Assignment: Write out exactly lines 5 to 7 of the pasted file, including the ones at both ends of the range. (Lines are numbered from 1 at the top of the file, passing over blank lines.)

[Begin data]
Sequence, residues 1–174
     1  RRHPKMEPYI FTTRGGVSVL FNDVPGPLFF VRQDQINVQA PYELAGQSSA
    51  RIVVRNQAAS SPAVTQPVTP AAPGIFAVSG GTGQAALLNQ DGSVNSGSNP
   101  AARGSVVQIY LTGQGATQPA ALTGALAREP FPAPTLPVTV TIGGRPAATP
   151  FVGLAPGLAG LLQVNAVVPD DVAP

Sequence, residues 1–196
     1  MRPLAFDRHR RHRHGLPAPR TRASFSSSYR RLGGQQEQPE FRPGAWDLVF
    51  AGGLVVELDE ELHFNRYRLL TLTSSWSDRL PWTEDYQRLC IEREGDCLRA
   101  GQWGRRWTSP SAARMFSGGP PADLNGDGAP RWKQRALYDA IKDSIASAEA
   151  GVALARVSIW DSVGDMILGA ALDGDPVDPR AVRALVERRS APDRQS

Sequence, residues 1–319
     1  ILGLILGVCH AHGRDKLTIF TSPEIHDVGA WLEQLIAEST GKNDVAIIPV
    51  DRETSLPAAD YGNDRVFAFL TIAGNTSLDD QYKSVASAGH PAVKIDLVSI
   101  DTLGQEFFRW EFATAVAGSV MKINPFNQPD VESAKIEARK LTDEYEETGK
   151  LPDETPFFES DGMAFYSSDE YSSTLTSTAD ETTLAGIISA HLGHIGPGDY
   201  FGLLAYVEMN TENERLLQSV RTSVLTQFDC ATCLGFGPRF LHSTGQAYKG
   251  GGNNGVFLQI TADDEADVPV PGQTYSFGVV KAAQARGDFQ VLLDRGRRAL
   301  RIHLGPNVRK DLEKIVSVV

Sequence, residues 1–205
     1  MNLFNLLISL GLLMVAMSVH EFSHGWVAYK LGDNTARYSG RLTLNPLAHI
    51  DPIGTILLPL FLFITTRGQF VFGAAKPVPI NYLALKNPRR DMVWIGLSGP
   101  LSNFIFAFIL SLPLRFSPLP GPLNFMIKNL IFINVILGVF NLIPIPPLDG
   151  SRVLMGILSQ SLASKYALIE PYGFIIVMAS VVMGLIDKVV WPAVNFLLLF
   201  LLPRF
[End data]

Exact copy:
   151  FVGLAPGLAG LLQVNAVVPD DVAP

Sequence, residues 1–196
     1  MRPLAFDRHR RHRHGLPAPR TRASFSSSYR RLGGQQEQPE FRPGAWDLVF